A list is a one-dimensional collection of elements of the same data type. You can change the size of a list at any time while the application is running and LotusScript® does not allocate any storage space at compile time for the elements of a list. Lists automatically shrink or grow when elements are deleted from or added to them. You access each element in a list by a unique String value, called a list tag.

You can declare a list at module level, in a procedure, or in the definition of a class (but not in the definition of a user-defined data type). You declare a list with the Dim statement or one of its variations:

Syntax for a list statement module

If you omit the As dataType clause from the Dim statement and do not include a data type suffix character in the list's name, LotusScript® checks to see if the list name is covered by any applicable Deftype statement. If the name of the list is covered by a Deftype statement, then LotusScript® assigns that data type to the list's elements; otherwise, LotusScript® makes them type Variant.

A list is initially empty. You add elements to it with statements of the following form:

listName ( listTag ) = value

where listName is the name of the list, listTag is a string that uniquely identifies the element, and value is the value you want to assign to the element.

A List tag is essentially a key of type STRING. You use this this "key" to uniquely retrieve its associated data once it gets stored.

List tags can be case sensitive or case insensitive, depending on the setting for case sensitivity in the module in which the list is declared. If case sensitivity is in effect for the module, the list tags "A123" and "a123" are different tags; if case sensitivity is not in effect, they are the same and are used interchangeably. You can control whether case sensitivity is observed in string comparison in a module by including the Option Compare statement in that module. The syntax is:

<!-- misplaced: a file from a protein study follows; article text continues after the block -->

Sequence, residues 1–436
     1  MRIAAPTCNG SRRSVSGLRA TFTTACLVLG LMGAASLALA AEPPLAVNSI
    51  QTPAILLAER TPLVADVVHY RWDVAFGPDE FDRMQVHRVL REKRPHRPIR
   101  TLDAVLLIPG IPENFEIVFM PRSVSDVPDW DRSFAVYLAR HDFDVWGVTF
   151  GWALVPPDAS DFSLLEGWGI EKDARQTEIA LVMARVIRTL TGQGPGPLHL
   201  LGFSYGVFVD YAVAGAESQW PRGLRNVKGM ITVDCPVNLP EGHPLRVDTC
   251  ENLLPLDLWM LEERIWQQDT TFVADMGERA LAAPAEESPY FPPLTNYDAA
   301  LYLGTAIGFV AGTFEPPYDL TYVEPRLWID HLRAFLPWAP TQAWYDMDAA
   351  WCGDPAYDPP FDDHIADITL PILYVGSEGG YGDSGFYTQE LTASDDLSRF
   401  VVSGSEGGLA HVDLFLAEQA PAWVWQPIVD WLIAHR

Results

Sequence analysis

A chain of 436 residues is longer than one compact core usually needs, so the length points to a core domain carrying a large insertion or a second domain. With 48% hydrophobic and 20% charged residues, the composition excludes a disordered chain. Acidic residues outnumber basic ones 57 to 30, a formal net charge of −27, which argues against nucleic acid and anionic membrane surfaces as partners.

Option Compare { Case | NoCase | Binary }

If you include the Case or Binary keyword, string comparison is case sensitive in the module. NoCase means that such comparisons are case insensitive. Option Compare Case is the default.

The following example illustrates how to declare a list, add elements to it, and refer to those elements. The elements in the list are of one of the scalar data types (String).

' Make string comparison case insensitive
' in this module.
Option Compare NoCase
' Declare a list--myList--to hold first names.
' The list tags will be unique IDs.
Dim myList List As String
Dim newTag As String
Dim newValue As String
' Put some elements in the list.
myList("A1234") = "Andrea"
myList("A2345") = "Vera"
myList("A3456") = "Isabel"
' Ask the user to enter an ID and a name.
newTag$ = InputBox$("Please enter your ID:")
newValue$ = InputBox$("Please enter your first name:")
' Add a new element to the list with
' the user's ID as the list tag and the user's name as
' the value of the new element.
myList(newTag$) = newValue$
Print myList(newTag$)
' Output: the name that the user entered